Please use this identifier to cite or link to this item: https://hdl.handle.net/2440/120756
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dc.contributor.advisorCleland, Les-
dc.contributor.advisorHill, Catherine-
dc.contributor.advisorDixon, Will-
dc.contributor.authorBlack, Rachel-
dc.date.issued2019-
dc.identifier.urihttp://hdl.handle.net/2440/120756-
dc.description.abstractThe overarching theme is to improve understanding of oral glucocorticoid (GC) use, including the benefits and harms of GC treatment in inflammatory rheumatic diseases, with an emphasis on rheumatoid arthritis (RA). The introduction summarises inflammation as a normal physiological process, and its contribution to chronic inflammatory diseases, commonly treated with GCs. It further describes GCs in detail, identifying three key areas where the literature is lacking and/or conflicting that are addressed as the thesis aims. The first section of the thesis explores how GCs are used in RA and the influence of patient and prescriber factors in two large databases in the United Kingdom (UK) and Australia. In Chapter 2, primary care data from clinical practice research datalink (CPRD) demonstrated that half of patients with incident RA received GCs in primary care, with an average GC use of 7.5 mg (prednisolone equivalent daily dose, PEQ) for 25% of the time. GCs were prescribed more commonly in certain high-risk populations. In Chapter 3, data from Australian Rheumatology Association Database (ARAD), found the probability of GC use has decreased over time. In contrast to CPRD, GC use in ARAD RA patients was less likely with increasing age, with older patients being less likely to commence GCs, but also less likely to cease GCs. The second section of the thesis explores the patient perspective of the benefits and harms of GC use, and the need for a patient reported outcome measure (PRO). A crosssectional survey administered to GC users with rheumatic diseases in Australia and United States (US) demonstrated that most patients with rheumatic diseases feel that GCs are effective treatments and that the benefits of GC use, outweigh the harms. Many adverse effects important to patients, cannot be easily measured, such as skin thinning/easy bruising, sleep disturbance, mood disturbance, and change in facial shape. This chapter also discusses the role of Outcome Measures in Rheumatology (OMERACT) in developing a PRO for GC use, describing additional work by the author contributing to both this thesis and the OMERACT GC working group. The final section of the thesis focuses on cataract and glaucoma, as two important potential harms of GC use. Chapter 5 presents a published manuscript reporting the results of a systematic literature review and meta-analysis, concluding that although the current literature suggests a possible association between GC use and the development of cataract, this risk cannot be accurately quantified in RA from the available evidence. In addition, there was insufficient evidence to determine the risk of GC use and the development of glaucoma. To address this gap in the literature, analyses of different models of GC exposure in CPRD were performed to quantify the risk of developing cataracts and glaucoma in RA patients. The results demonstrated that current GC exposure is associated with a twofold increased risk of developing cataracts and 60% increased risk of developing glaucoma in patients with RA. For cataracts, cumulative doses greater than 1000mg PEQ are associated with increased risk, more so at doses above 4000mg PEQ, whereas for glaucoma, the risk is seen only with higher cumulative doses greater than 4000mg. The results of these three sections of work expand current knowledge about GC use, with opportunities for the findings to be directly translated and improve clinical care.en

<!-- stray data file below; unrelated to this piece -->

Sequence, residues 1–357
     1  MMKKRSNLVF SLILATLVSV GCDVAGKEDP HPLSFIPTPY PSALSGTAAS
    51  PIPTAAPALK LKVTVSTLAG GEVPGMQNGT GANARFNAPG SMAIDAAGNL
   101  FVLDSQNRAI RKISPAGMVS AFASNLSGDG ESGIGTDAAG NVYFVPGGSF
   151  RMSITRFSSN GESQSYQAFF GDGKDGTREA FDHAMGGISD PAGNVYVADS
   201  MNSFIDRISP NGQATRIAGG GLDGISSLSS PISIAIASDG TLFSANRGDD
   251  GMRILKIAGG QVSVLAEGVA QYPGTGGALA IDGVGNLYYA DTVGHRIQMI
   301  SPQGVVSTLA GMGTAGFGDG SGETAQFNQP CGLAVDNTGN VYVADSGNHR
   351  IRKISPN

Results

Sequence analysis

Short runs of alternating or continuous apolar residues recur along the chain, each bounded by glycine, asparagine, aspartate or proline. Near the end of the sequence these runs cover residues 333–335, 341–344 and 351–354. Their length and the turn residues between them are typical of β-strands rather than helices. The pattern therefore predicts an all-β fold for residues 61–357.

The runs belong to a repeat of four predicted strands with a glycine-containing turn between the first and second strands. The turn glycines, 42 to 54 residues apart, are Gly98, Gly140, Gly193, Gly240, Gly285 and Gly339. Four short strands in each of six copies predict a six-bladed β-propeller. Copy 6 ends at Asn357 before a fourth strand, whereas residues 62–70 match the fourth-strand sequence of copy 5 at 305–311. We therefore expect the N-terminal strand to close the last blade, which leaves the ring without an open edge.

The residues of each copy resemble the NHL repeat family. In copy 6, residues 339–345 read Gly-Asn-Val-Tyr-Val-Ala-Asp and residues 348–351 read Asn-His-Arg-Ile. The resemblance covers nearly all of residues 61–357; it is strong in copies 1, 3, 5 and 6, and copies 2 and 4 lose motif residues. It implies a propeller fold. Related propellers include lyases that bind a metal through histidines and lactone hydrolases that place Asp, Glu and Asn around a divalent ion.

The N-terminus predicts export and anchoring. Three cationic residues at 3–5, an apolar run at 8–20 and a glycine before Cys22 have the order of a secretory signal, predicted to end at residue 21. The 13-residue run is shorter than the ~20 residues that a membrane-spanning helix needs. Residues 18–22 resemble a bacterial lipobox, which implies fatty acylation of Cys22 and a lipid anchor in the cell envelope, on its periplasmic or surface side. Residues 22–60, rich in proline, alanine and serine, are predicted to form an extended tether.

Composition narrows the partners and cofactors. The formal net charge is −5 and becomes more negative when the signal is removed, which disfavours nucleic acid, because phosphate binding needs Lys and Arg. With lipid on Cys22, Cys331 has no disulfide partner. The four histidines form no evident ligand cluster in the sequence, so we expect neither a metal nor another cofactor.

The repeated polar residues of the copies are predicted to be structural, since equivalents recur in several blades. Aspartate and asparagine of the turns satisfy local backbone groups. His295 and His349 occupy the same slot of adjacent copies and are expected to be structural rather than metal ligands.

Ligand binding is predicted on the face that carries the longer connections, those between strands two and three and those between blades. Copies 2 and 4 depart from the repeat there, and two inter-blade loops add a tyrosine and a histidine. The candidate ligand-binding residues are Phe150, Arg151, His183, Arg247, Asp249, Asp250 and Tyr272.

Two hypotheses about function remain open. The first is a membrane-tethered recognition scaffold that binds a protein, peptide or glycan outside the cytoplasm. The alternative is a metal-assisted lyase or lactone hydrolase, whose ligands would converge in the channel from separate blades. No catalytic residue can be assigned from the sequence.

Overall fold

dc.language.isoenen
dc.subjectGlucocorticoidsen
dc.subjectpatient perspectivesen
dc.subjectepidemiologyen
dc.subjectrheumatoid arthritisen
dc.subjectcataractsen
dc.subjectglaucomaen
dc.titleThe Epidemiology and Patient Perspectives of Glucocorticoid Use in Rheumatoid Arthritis and Other Inflammatory Diseasesen
dc.typeThesisen
dc.contributor.schoolAdelaide Medical Schoolen
dc.provenanceThis electronic version is made publicly available by the University of Adelaide in accordance with its open access policy for student theses. Copyright in this thesis remains with the author. This thesis may incorporate third party material which has been used by the author pursuant to Fair Dealing exceptions. If you are the owner of any included third party copyright material you wish to be removed from this electronic version, please complete the take down form located at: http://www.adelaide.edu.au/legalsen
dc.description.dissertationThesis (Ph.D.) -- University of Adelaide, Adelaide Medical School, 2019en
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